1. Tensile Forces at the connection are a function of the facing stiffness.

2. Any connection that requires a lot of effort by the contractor is prone to improper assembly and uneven transfer of loads. For that reason, a good connection must be easily connected during construction.

3. Soil reinforcement with multiple connection points has potential for uneven loading and must be carefully designed to account for this challenge.

4. When welded wire steel has been cold worked by drawing, deforming, bending to 90 degrees and then hot dipped galvanized, this can result in cracks in the steel forming at the bend which can cause strain-age embrittlement that accelerates rapidly under the temperature range used in the zinc bath in the hot dipped galvanization process. This type of embrittlement can lead to failure of the connection.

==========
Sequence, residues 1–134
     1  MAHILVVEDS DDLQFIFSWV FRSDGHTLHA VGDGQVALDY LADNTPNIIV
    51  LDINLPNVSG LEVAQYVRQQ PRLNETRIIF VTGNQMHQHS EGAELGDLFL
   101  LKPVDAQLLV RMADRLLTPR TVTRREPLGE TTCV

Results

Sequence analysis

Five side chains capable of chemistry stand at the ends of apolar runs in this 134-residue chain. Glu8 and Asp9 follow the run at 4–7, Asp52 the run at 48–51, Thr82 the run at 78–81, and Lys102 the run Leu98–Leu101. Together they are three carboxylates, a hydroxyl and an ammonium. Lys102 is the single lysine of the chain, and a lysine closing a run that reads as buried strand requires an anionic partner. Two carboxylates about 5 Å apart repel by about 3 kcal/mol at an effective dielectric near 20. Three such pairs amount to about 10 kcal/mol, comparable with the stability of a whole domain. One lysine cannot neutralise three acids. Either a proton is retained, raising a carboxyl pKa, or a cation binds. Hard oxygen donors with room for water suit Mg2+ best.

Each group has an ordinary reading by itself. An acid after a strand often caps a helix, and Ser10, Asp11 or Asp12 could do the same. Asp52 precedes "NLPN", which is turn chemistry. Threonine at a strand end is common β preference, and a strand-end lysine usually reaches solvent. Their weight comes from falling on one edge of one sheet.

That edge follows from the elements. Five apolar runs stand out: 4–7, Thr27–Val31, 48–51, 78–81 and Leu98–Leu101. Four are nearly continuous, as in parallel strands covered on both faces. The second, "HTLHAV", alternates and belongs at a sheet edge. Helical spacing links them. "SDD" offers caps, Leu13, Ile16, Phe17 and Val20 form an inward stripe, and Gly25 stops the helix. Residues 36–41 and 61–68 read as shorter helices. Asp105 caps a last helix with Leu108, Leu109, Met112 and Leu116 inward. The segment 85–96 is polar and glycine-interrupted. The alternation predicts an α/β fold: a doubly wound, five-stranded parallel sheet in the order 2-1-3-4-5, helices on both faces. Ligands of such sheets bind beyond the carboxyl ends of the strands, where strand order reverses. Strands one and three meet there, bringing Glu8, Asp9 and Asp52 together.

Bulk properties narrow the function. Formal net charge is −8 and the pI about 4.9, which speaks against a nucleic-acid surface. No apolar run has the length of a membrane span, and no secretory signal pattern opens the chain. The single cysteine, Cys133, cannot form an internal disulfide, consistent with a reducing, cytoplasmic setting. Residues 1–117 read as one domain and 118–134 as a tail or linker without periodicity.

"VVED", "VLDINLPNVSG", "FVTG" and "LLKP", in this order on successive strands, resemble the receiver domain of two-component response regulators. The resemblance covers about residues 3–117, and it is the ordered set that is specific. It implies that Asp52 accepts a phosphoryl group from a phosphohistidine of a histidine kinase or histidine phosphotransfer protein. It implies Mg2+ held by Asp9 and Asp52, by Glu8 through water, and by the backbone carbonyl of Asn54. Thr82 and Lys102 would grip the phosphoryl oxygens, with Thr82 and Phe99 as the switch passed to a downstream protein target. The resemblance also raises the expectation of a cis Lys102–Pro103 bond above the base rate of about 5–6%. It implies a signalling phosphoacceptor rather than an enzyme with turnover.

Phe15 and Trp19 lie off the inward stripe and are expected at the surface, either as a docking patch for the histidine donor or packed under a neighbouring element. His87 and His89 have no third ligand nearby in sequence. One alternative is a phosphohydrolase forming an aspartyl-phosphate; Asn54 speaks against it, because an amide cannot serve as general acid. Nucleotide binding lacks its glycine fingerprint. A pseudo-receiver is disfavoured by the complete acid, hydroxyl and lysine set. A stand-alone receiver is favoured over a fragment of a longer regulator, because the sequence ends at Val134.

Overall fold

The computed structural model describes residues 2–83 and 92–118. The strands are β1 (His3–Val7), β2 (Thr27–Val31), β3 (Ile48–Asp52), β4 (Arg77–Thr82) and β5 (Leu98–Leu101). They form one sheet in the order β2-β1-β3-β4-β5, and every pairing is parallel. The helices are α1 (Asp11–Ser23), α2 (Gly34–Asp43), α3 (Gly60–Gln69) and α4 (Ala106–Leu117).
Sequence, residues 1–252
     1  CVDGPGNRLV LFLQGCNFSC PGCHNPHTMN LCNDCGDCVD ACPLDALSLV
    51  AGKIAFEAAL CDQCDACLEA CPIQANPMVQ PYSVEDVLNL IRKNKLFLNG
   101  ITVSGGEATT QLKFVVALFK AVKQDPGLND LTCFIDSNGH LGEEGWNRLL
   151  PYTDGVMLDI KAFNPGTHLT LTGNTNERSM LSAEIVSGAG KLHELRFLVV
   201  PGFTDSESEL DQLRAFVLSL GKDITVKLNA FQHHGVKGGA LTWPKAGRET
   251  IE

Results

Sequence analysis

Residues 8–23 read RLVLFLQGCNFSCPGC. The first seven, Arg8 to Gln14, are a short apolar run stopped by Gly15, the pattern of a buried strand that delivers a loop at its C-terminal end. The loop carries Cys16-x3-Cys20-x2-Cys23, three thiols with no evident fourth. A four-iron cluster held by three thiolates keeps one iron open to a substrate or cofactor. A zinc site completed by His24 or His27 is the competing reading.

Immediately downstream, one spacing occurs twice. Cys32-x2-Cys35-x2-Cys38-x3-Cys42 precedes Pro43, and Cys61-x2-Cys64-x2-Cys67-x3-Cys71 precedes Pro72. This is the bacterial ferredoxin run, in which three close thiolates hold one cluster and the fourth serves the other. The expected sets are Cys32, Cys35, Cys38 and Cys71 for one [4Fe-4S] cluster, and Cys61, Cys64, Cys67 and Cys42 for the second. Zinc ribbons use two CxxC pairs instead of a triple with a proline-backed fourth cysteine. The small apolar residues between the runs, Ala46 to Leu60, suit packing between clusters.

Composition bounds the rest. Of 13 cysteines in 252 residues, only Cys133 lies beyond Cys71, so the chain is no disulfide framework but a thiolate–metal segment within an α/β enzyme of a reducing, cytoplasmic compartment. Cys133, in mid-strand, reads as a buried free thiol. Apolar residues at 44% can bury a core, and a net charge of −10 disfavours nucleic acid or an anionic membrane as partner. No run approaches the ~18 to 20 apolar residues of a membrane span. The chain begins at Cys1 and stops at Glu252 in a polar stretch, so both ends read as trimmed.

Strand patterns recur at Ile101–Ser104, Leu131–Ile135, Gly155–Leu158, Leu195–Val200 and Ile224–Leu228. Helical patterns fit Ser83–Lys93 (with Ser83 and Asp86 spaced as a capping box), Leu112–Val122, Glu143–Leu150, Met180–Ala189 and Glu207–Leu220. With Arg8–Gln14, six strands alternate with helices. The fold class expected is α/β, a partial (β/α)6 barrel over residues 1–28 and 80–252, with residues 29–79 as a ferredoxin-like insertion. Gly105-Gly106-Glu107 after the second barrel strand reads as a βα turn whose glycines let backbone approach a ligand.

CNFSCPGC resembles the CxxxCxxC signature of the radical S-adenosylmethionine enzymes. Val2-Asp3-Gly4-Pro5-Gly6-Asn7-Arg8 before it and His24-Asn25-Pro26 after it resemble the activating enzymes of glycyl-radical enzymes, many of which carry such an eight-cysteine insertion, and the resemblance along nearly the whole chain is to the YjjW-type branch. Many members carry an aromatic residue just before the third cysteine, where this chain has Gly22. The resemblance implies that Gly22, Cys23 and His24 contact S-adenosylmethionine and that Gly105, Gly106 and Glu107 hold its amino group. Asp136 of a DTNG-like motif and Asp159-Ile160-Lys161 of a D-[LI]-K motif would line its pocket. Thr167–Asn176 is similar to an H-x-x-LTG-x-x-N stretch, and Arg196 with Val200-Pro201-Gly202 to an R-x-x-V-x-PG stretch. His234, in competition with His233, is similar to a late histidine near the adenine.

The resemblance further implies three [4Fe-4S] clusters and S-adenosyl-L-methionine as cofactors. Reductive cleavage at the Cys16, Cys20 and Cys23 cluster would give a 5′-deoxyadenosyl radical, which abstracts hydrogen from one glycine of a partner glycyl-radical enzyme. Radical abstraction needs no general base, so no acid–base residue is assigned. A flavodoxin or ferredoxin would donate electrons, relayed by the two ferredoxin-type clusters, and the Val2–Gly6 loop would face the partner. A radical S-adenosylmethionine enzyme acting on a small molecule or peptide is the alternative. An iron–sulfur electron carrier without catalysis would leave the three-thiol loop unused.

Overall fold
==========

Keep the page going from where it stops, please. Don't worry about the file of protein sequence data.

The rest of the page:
5. The Charpy V-notch Impact Test is a viable test method to determine if steel is brittle, which might lead into a connection failure.

6. The connection should contain an adequate amount of ductility and redundancy to overcome unexpected loading conditions in the field.

7. There are several items that should be implemented to reduce the down drag force on connections caused by internal consolidation of the backfill:

• Proper degree of compaction of internal backfill along with site quality control.
• Use of compressible rubber pads in every horizontal joint.
• Supplier’s specification details which show fill to be placed with no void under the connection/soil reinforcement.
• Site quality control to ensure proper backfilling under connection.

8. An additional way to provide more ductility is by choosing hot rolled structural steel for both the connector and soil reinforcement, over other types of steel.

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